Isla de San Martin, today’s St. Martin Island/Sint Maarten, must have seemed to be a green gem in the Caribbean Sea when Columbus became the first European to see it on November 11, 1493–St. Martin’s Day. It was Columbus’s second Caribbean trip and whether he made a brief stop on the island paradise or sailed right on by varies according to the source. We do know, however, that he claimed the island for Spain.
Fast forward a few decades and buccaneers sailing the seas in search of treasure coveted its plentiful salt supply, calling it Soualiga, Land of Salt. The Spanish, however, still weren’t interested in settling it.
It wasn’t until 1648 that ownership of the 88 sq. km island was settled, dividing it between the French and the Dutch, creating the dual nationality that still exists today in peaceful harmony–earning it the nickname of the Friendly Island.
I spent a half day on this friendly island as one of the stops on my Caribbean cruise on board the megaship, Oasis of the Seas, with Royal Caribbean. I’d booked a 4×4 St. Maarten and Beach Escape on board the ship, so my guide–and 4×4 jeep–were waiting for me when I arrived.
Our guide, Cecil, introduced himself and divided the group of 30 or so travelers into jeeps, when we got off the bus that had transported us from shore to the staging area. I joined three others from the Oasis of the Seas, and we selected a jeep–a bright copper one that stood out in the caravan. We all gave copies of our driver’s licenses, so we could split the driving up between us.
The good thing was that unlike the two other islands we’d stopped on (Nassau in the Bahamas and St. Thomas in the Virgin Islands), here, we drove on the right side of the road, rather than the left. Easy-peasy!
Some things were just like driving through any town at home, like the Coors Light beer signs everywhere. Others, not so much, like the roundabouts that took the place of traffic lights.
Jeep Tour in Dutch St. Maarten
The first thing we did was head straight up a hill out of town, giving us a great view of the Caribbean Sea and the ship, where it was docked on the Dutch side of the island–St. Maarten. While there certainly weren’t any shoulders on the road to make it easy to pull over when part of our convoy disappeared in traffic, our guide did a great job of making sure we were all behind him.
It reminded me of a trail ride I took in Montana, where our horses lined up nose to tail on the trail, like kids playing follow the leader in a kindergarten classroom.
We stopped for a few photo opportunities before reaching the airport on Maho Beach, one of the world’s most popular spots for plane spotters (Who even knew there was such a pursuit as plane spotting?)
French St. Martin by Jeep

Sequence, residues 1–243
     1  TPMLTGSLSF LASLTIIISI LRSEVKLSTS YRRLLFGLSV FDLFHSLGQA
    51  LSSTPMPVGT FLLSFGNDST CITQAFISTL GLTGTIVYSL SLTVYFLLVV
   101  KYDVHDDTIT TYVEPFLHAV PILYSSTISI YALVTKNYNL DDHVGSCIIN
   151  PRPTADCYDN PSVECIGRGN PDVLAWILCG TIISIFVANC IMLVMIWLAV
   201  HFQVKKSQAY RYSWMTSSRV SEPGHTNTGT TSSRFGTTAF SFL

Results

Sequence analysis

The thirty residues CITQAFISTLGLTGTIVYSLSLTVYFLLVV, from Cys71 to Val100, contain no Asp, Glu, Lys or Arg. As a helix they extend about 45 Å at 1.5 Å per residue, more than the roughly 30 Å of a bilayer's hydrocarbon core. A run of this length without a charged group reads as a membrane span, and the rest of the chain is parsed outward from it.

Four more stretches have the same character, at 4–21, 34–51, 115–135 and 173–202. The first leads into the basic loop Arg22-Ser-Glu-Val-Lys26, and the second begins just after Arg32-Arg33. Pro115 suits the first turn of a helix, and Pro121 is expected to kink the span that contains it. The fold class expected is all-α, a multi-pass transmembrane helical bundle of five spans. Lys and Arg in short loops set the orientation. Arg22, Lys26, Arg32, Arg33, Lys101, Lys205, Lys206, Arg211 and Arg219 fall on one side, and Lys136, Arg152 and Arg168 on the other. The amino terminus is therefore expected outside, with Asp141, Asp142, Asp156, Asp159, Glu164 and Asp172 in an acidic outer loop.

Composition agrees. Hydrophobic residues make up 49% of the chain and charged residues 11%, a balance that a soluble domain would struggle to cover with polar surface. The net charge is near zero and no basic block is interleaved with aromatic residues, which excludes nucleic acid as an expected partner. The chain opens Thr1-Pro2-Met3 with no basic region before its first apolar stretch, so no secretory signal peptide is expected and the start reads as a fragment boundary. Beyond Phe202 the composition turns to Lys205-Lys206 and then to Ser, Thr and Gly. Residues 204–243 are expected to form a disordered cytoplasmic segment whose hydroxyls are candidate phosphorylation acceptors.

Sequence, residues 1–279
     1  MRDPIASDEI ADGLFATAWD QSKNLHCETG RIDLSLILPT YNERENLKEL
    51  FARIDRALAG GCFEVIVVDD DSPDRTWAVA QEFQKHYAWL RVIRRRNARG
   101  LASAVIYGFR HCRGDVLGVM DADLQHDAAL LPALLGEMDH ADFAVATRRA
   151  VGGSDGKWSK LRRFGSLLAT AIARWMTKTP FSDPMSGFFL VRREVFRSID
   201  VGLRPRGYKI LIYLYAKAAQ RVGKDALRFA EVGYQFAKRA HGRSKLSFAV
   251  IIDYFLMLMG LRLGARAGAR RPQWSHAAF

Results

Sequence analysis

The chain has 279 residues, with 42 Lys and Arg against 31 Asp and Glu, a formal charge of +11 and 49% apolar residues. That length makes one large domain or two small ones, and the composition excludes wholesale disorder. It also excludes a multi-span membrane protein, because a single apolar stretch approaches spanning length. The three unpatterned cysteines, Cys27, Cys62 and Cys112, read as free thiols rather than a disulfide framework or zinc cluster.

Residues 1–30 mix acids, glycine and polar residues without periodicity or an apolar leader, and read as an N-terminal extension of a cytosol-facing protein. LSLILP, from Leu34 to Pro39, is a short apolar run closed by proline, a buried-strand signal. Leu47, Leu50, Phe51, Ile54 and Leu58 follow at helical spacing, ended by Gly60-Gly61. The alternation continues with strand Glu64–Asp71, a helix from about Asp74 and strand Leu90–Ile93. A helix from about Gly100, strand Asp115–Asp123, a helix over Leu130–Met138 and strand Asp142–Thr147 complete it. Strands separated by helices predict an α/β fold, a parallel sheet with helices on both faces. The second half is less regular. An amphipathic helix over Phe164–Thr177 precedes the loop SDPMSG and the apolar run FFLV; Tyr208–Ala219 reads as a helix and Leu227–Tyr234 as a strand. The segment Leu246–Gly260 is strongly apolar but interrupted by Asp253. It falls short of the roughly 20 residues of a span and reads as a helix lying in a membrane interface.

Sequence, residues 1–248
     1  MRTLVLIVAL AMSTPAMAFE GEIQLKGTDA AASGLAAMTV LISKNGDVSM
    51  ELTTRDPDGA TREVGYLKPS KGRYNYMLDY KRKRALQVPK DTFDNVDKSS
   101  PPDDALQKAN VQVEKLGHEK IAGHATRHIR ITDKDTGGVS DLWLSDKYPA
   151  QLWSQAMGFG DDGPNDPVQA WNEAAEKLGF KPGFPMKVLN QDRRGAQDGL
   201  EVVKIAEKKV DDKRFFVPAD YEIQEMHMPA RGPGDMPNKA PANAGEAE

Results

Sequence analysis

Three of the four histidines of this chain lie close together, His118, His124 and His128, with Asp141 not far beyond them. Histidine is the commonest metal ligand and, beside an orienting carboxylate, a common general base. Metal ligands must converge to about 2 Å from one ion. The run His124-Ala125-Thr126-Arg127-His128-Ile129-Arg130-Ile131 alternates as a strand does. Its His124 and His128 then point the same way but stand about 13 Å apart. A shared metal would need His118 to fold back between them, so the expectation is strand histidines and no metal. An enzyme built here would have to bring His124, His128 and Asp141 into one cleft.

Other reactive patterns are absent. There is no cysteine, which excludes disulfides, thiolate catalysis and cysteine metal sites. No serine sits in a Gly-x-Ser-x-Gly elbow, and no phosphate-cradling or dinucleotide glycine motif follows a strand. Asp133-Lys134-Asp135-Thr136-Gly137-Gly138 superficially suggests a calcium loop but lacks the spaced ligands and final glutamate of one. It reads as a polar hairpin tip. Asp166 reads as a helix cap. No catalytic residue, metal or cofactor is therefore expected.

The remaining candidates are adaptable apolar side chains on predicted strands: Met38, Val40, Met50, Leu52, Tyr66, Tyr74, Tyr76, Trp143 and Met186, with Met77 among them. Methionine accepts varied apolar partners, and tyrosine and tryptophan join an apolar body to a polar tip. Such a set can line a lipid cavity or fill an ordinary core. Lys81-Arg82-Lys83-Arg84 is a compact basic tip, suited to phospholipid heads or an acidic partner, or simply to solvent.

It was no surprise that the border crossing came quickly since the island was so small, but what I did find surprising was that we had to go through an actual border crossing to get to the French side, St. Martin.
St. Martin’s business signs and names were for the greater part in French, although some English signs popped up here and there. Never fear though, as English is spoken pretty much everywhere since tourism is the most important industry no matter which side of the island you’re on.
We switched drivers and it was on to the Marigot Open Market, located on the harborfront of the capital city of Marigot on St. Martin. Full of the usual array of bright island shirts and dresses, as well as other souvenirs, there were also a number of restaurants.
While I didn’t make the trek to check it out, Fort Louis sat on a hill overlooking the Marigot Bay harbor, serving as a reminder of the sometimes turbulent past.
Our stop at the market didn’t leave time for lunch, so we headed to Waikiki Beach where we finally found a little mud on an unpaved road. This beach not only gave us a new view–it also gave us a whole new body of water, as it’s situated on the Atlantic Ocean side of the island, rather than the Caribbean Sea.
Lunch was a tasty buffet of local vegetables and fish, along with cold beer, in the air conditioned Beach Bar Restaurant.
Afterwards, I joined the beach lovers lounging on the sand. Behind us, the local economy was hard at work with middle-aged women walking back and forth, hawking their wares–hats, bags, and scarves. In front, the ocean was filled with water lovers enjoying every sort of sport from swimming to wind surfing.
And finally, after dipping my bare toes into the sand, then letting the Pacific wash it away, I climbed back into the jeep and headed across the island to continue my exploration of the Caribbean, on the Oasis of the Seas.
Thanks to TBEX and the organizers of the first TBEX at Sea and its sponsors.